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  What Did You Do in the War, Daddy? War PartyBuy this film here.
Year: 1966
Director: Blake Edwards
Stars: James Coburn, Dick Shawn, Sergio Fantoni, Giovanna Ralli, Aldo Ray, Harry Morgan, Carroll O'Connor, Leon Askin, Rico Cattani, Jay Novello, Vito Scotti, Johnny Seven, Art Lewis, William Bryant, Kurt Kreuger, Robert Carricart, Ralph Manza, Danny Francis
Genre: Comedy, War
Rating:  4 (from 1 vote)
Review: Captain Lionel Cash (Dick Shawn) marches into the tent of Colonel Bolt (Carroll O'Connor) as ordered, and awaits instructions. It is Sicily in 1943, and the Italian Army are losing the battle against the Allies, but those forces are overstretched, and Bolt wishes Cash to take Company C to investigate a small village which may be important, but probably isn't. They are both aware the troops are in need of rest and relaxation, but the war isn't going to wait around for them, and the by the book Cash believes strict discipline will get them where they need to be. He is somewhat perturbed by Bolt's request that he say "Good night, Max" to him as he leaves, but it doesn't matter, he is soon applying himself with vigour...

Blake Edwards became known for his comedies in the nineteen-sixties, though he dabbled in drama and thrillers as well, but it was his Pink Panther movies which, for better or worse, defined his career in the eyes of the public. He had recently enjoyed a big hit with the second of those, A Shot in the Dark, so recruited the screenwriter of that, William Peter Blatty (now best known for The Exorcist), to take an idea about a war movie and whip it into shape. This was the result, inspired by that question many veterans of the Second World War would be familiar with, yet for some reason it was not as well regarded as many of Edwards' other comedies, no matter that it was a lavish production.

Well, there was one reason glaringly obvious to many of those who settled down with it: this just wasn't funny. Although the notion of enemy armies setting aside their differences to live it up then pull the wool over the eyes of their superiors wasn't bad at all, as it played here there just wasn't enough material to justify two hours of it. Not when there wasn't one decent laugh in the whole thing, in spite of a talented and willing cast and a team behind the camera who had proven their worth elsewhere. Sometimes the stars do not align even though they would appear to be heading in the right direction, and that the case with this, substituting frantic action for anything much resembling a series of jokes that would have lifted what grew to be a tedious experience.

Take Dick Shawn, a legendary nightclub comedian who more often than not found the confines of the screen a poor fit for his wild, eccentric comedy. The following year he was to be awarded by Mel Brooks with the only role that truly captured his distinct comic personality in The Producers, which saw him cast as a hip Hitler in the sure to be a flop stage musical centrepiece of the movie, but here he was stuck in a buttoned down role that restricted his potential. He did get to play a sequence in drag, but that was such a cliché that it was simply a tired attempt at getting a laugh, the sort of laziness that did Shawn no good, though he was simply acting the role as written. And then there was his co-star, James Coburn as Lieutenant Christian.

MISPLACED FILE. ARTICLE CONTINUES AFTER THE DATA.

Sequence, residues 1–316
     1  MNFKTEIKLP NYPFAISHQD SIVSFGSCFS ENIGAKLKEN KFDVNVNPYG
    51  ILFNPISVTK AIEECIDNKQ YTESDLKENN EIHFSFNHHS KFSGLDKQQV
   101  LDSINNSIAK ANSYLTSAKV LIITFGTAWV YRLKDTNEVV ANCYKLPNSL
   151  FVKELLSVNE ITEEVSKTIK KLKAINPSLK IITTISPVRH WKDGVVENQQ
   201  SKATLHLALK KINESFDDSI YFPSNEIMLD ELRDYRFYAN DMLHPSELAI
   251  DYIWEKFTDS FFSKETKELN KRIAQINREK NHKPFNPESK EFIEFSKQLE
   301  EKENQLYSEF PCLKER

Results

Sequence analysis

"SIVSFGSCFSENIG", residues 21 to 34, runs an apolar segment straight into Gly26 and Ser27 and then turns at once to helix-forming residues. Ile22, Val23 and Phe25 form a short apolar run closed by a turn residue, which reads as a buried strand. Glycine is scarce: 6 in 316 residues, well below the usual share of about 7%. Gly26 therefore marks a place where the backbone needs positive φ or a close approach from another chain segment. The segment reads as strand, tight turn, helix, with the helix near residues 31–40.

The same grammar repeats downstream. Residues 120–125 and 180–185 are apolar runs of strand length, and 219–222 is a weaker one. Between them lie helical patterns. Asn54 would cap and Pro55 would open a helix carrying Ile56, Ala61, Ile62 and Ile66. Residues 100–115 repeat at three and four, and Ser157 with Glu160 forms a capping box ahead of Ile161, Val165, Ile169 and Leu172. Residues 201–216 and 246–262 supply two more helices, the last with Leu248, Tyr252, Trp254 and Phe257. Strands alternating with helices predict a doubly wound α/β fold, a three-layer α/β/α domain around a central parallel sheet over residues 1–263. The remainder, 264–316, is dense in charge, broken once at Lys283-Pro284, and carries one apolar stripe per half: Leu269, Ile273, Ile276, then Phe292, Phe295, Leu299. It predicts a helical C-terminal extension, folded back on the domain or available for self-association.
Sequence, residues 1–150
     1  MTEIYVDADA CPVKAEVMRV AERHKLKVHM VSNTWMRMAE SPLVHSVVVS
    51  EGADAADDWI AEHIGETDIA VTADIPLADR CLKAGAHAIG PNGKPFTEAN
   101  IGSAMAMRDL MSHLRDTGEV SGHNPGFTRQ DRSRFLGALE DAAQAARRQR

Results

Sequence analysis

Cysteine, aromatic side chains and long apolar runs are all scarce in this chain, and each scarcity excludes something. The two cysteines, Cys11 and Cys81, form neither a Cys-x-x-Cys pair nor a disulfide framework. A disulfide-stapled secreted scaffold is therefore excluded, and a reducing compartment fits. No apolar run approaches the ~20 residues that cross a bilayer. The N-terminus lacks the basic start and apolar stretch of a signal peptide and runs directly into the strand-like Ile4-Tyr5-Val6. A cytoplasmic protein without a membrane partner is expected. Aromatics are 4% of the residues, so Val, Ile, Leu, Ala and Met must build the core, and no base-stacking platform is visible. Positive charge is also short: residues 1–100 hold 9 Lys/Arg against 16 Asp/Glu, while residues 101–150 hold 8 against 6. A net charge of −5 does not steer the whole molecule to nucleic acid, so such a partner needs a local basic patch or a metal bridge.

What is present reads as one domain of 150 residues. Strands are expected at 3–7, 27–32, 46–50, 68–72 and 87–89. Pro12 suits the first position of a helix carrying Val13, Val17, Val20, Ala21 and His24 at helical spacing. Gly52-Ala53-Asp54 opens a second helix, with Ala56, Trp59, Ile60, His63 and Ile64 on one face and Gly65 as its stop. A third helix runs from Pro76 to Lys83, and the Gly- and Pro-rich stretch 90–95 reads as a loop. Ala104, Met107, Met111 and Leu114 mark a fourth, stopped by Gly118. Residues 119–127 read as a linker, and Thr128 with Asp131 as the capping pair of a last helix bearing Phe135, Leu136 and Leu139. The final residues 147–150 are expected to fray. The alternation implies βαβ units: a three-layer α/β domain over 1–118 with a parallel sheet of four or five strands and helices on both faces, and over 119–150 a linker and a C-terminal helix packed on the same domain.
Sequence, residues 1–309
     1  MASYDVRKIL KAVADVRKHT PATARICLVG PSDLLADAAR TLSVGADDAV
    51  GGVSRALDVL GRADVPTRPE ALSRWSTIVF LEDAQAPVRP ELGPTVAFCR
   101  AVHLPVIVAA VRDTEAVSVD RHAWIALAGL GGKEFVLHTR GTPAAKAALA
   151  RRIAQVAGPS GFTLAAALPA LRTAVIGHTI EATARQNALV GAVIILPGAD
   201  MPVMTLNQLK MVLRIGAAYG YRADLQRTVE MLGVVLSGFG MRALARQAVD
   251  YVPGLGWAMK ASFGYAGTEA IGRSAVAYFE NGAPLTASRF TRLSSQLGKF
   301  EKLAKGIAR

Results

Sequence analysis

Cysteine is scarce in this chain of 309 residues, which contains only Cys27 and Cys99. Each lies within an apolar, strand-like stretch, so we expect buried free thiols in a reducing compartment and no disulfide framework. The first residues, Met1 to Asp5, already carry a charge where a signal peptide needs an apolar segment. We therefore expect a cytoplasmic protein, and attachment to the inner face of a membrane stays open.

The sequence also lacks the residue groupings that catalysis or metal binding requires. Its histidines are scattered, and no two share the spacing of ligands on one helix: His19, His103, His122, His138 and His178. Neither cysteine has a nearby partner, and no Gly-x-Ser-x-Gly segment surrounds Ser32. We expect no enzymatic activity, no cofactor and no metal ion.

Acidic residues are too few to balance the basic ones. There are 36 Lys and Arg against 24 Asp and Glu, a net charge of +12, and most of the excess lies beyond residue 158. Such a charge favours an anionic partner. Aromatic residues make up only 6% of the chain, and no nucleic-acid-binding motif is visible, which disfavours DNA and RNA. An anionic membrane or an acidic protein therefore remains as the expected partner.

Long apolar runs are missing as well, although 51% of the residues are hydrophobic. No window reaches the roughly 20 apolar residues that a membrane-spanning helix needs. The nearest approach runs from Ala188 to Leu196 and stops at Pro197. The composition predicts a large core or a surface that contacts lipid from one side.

Christian was intended to sum up the increasing mood of counterculture anti-authoritarianism that the decade was breeding, but while you could see this as a precursor to war movies that would pick that up and run with it mere years later, efforts such as MASH, Kelly's Heroes and Catch 22 as the Vietnam War soured the mood of the nation, it was halfhearted in that direction at best. Maybe it was the Joseph Heller novel of Catch 22 that had brought about the artistic drive to make satire of armed conflict, it was still a must read around the time of this film, and both that and this were set in Italy during World War 2, but What Did You Do...? was strictly updated burlesque and far from any kind of acid wit mixed with healthy surrealism and humanity. Putting Harry Morgan in it as a Colonel who goes mad in the village catacombs was indicative of the problems: might have sounded funny, but the execution was lacking. Sergio Fantoni (as the Italian officer) and Giovanna Ralli (as the token female) brightened it a little, but ironically it was a losing battle. Music by Henry Mancini.
Reviewer: Graeme Clark

 

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